David L. Remington

David L. Remington

Associate Professor

(336) 334-4967
226 Eberhart Building


Molecular genetics of plant morphological evolution, plant genomics.


Ph.D., North Carolina State University


I conduct research on the genetics of life history evolution in plants. The genes responsible for evolution of complex patterns of growth form and resource allocation have key roles in shaping how plants respond to new environments such as those brought about by changing climates. However, these processes have received much less study than those regulating other important adaptive traits such as flowering time. We have been using the rock cress Arabidopsis lyrata as an experimental organism for this research. We have discovered that A lyrata is highly variable in resource allocation properties, and its extensive genomic resources make it uniquely valuable for studying these traits. Mapping of genes affecting variation in complex traits (quantitative trait loci, or QTLs) has provided insights on genetic co-regulation of resource allocation traits and their relationship to fitness in different environments. We have been making and testing models of trait networks in order to gain insights on the cause-effect mechanisms by which QTLs coordinately regulate developmental processes, and thus give rise to correlated patterns of variation in multiple traits. I am interested in providing research opportunities for undergraduates and graduate students who combine mathematical aptitude with curiosity about how genetic variation shapes complex sets of traits.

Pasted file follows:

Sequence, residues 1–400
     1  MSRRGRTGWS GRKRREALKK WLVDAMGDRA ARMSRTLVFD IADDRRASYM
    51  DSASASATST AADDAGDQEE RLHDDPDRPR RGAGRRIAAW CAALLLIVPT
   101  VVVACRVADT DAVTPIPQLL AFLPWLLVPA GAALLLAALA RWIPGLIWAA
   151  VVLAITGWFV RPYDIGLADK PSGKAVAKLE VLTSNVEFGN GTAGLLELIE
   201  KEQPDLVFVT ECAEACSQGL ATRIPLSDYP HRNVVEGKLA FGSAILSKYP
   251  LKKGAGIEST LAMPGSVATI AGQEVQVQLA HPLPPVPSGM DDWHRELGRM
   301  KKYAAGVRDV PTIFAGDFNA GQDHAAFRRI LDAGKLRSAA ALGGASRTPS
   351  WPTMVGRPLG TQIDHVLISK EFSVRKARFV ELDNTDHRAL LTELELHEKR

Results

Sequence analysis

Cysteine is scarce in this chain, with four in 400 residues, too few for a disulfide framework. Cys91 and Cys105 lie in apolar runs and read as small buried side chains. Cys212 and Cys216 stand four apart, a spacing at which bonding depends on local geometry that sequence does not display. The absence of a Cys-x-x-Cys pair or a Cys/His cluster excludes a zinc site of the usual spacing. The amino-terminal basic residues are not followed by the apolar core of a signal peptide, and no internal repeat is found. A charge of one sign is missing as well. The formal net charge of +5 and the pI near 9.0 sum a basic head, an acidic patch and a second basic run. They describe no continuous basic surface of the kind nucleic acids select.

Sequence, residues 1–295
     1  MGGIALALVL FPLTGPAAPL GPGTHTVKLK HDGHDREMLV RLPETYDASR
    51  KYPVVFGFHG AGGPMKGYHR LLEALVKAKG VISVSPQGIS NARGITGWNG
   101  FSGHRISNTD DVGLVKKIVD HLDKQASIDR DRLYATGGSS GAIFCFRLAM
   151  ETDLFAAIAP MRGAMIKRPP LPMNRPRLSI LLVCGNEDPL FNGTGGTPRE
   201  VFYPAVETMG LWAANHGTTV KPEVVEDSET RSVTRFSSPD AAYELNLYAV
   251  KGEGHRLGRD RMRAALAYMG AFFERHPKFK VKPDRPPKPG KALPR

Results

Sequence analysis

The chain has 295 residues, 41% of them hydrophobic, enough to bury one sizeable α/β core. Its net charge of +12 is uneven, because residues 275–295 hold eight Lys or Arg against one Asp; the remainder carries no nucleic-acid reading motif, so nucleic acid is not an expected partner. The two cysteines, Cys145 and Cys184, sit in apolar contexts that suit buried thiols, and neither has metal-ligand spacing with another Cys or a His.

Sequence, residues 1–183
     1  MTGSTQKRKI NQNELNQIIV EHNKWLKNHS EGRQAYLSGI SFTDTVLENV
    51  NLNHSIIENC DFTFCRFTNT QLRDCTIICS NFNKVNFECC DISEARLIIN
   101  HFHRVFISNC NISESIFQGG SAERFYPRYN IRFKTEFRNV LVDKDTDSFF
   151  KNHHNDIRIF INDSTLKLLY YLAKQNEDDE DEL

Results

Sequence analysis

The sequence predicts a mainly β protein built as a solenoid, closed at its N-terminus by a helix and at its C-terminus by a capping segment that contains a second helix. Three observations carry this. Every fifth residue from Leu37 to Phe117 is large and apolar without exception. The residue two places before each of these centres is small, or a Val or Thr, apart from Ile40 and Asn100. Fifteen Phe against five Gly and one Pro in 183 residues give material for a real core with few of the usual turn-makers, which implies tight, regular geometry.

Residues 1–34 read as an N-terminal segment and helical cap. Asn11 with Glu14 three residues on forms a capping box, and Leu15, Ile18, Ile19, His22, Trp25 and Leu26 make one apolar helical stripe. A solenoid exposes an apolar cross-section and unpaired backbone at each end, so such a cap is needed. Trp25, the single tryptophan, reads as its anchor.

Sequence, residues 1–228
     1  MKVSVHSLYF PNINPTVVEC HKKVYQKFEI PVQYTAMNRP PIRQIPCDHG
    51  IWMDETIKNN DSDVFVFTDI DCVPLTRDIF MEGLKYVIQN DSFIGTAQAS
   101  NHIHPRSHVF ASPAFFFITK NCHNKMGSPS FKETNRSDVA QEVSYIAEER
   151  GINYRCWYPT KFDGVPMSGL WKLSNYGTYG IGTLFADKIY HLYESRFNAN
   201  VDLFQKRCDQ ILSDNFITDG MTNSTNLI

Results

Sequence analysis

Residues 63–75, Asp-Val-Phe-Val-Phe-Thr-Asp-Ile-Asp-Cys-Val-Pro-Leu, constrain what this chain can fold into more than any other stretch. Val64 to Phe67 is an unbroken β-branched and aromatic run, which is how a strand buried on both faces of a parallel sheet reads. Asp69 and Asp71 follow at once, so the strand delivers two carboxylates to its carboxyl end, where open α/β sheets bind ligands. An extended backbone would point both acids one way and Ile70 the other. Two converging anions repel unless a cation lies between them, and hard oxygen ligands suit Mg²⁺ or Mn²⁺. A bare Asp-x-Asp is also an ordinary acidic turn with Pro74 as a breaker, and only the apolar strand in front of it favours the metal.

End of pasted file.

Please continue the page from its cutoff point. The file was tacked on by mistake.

Recent Publications:

Remington, D.L. 2015. Alleles versus mutations: understanding the evolution of genetic architecture requires a molecular perspective on allelic origins. Evolution 69:3025-3038.

Remington, D.L., J. Figueroa, and M. Rane. 2015. Timing of shoot development transitions affects degree of perenniality in Arabidopsis lyrata (Brassicaceae). BMC Plant Biology 15:226.

Remington, D.L., P.H. Leinonen, J. Leppälä, and O. Savolainen. 2013. Complex genetic effects on early vegetative development shape resource allocation differences between Arabidopsis lyrata populations. Genetics 195:1087-1102.

Fournier-Level, A., A.M. Wilczek, M.D. Cooper, J.L. Roe, J. Anderson, D. Eaton, B.T. Moyers, R. Petipas, R.N. Schaeffer, B. Pieper, M. Reymond, M. Koornneef, S.M. Welch, D.L. Remington, and J. Schmitt. 2013. Paths to selection on life-history loci in different natural environments across the native range of Arabidopsis thaliana. Molecular Ecology 22:3552-3566.

Leinonen, P.H., D.L. Remington, J. Leppälä, and O. Savolainen. 2013. Genetic basis of local adaptation and flowering time variation in Arabidopsis lyrata. Molecular Ecology 22:709-723.

Gove, R., W. Chen, N.B. Zweber, R. Erwin, J. Rychtář, and D. L. Remington. 2012. Effects of causal networks on the structure and stability of resource allocation trait correlations. Journal of Theoretical Biology 293:1-14.

Leinonen, P.H., D.L. Remington, and O. Savolainen. 2011. Local adaptation, phenotypic differentiation and hybrid fitness in diverged natural populations of Arabidopsis lyrata. Evolution 65:90-107.

Remington, D.L. 2009. Effects of genetic and environmental factors on trait network predictions from quantitative trait locus data. Genetics 181:1087-1099.


Genetics (BIO 392)
Genetics Laboratory (BIO 393)
Biological Evolution (BIO 430)
Human Molecular Genetics (BIO 616)
DNA Sequence Analysis Workshop (BIO 633)